The days of our years are threescore years and ten; and if by reason of strength they be fourscore years, yet is their strength labour and sorrow; for it is soon cut off, and we fly away.
Another milestone reached. If I’m lucky, according to Psalm 90, I might get another ten years of labour and sorrow. How depressing.
To make matters worse, having been born just days before the end of the nineteen-forties, on New Year’s Day I’ll be entering my ninth decade.
It’s certainly no lark getting old. It requires counting out various pills each morning, trying to remember if the blue ones are for the morning, the evening or both. It means planning journeys around available toilet stops. It involves desperately trying to remember the names of things (especially friends) and coping with the frustration of slowing memory recall.
And to make matters worse, I still feel as though I’m in my prime, even though my body doesn’t. As an active bird enthusiast, I’m sure I can still climb trees to look into nests, or carry lots of equipment around in bogs and through hedges (yes, often backwards). However, I’ve learned that if I do, I will feel the effects pretty quickly, and realise that I’m not as strong as I used to be – not a good thing to discover when you are using just one hand to hold on up a tree.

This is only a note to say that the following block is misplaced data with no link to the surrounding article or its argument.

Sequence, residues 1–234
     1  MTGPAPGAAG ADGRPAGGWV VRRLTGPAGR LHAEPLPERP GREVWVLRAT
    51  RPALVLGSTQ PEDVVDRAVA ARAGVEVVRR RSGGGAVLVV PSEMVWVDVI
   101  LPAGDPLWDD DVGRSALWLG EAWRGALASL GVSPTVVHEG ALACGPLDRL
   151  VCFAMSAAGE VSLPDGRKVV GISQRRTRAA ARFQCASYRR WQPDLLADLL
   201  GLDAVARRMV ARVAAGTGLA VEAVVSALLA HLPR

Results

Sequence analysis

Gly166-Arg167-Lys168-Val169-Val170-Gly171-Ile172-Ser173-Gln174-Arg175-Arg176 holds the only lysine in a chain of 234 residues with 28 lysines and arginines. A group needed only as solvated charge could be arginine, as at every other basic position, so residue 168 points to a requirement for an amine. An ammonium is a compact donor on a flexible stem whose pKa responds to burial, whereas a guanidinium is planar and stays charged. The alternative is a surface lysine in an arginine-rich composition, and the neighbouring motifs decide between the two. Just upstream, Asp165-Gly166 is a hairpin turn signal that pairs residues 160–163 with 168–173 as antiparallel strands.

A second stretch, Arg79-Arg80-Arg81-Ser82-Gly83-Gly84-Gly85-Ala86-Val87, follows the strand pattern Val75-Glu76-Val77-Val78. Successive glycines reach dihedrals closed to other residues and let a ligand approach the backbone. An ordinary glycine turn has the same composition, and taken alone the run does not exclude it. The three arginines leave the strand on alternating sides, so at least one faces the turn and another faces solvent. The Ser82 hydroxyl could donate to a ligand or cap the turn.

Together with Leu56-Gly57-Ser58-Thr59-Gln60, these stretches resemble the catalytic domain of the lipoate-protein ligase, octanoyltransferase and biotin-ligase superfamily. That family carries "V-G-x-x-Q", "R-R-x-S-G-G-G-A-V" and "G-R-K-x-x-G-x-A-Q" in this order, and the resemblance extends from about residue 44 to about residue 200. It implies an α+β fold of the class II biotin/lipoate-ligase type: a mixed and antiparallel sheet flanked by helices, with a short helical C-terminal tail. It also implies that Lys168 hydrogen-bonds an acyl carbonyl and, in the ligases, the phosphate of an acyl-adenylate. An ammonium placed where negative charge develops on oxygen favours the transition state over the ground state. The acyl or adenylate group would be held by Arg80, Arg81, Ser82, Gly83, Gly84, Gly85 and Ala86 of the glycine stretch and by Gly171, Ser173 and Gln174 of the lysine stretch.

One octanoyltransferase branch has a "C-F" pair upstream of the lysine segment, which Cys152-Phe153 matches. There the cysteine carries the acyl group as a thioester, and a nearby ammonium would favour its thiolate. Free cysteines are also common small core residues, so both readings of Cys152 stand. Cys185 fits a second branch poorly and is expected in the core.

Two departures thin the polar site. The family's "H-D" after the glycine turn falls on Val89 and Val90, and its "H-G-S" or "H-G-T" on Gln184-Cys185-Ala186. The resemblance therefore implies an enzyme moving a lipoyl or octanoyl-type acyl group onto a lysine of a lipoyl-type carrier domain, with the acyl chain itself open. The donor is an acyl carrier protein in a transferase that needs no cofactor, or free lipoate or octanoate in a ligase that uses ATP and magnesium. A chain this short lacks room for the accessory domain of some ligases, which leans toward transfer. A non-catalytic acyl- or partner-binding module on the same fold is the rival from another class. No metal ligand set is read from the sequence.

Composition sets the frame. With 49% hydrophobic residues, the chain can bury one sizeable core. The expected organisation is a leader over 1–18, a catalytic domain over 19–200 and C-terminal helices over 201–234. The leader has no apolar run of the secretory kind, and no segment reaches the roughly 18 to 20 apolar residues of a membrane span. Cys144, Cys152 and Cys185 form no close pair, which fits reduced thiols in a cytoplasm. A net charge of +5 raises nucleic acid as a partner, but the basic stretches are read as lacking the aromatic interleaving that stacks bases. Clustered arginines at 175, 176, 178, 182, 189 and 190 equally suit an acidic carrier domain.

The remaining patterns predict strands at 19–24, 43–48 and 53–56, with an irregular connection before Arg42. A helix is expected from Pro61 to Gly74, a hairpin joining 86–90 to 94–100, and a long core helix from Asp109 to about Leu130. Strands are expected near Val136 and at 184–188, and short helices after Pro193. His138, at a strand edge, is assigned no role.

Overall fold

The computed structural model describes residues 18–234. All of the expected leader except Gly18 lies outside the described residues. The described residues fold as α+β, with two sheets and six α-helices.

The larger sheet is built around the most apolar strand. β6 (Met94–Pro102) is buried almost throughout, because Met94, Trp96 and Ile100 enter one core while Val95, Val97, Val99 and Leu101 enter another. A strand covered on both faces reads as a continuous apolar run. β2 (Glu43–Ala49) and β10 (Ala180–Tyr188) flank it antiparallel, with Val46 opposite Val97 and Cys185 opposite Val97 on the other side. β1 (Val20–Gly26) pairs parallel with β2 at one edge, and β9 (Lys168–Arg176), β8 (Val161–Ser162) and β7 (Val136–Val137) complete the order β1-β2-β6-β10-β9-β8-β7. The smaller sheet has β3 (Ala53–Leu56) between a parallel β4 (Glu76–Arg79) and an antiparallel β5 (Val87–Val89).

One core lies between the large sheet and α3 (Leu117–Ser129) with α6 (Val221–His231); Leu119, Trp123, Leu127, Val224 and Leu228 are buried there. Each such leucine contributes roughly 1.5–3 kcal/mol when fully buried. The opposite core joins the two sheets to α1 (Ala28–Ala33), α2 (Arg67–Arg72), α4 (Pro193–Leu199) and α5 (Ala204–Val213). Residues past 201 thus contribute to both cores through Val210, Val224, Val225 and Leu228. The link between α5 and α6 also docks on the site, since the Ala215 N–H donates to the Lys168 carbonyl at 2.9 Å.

Doubtless you’ll have heard the Dylan Thomas poem:
Do not go gentle into that good night,
Old age should burn and rave at close of day;
Rage, rage against the dying of the light.
Most people assume this is about death, but I think it’s actually about old age. It exhorts the listener not to give in to senility and decrepitude, but fight against it. It’s all too easy to get to old age and say, “I can’t do that, I’m too old,” or perhaps “I should be taking it easy at my age.” Why? Recovery from exertion may be longer with age, but provided silly risks aren’t taken, there’s plenty of evidence that exercise is good for the elderly. Should I just assume I can’t carry on ticking off my life bucket list in case I overexert myself? I want to use my hard-fought-for experience positively, supporting local societies and charities until I become a charitable cause myself.
No, dammit. I’m going to rage against the dying of the light. I want to see and do lots more before I am cut off and fly away.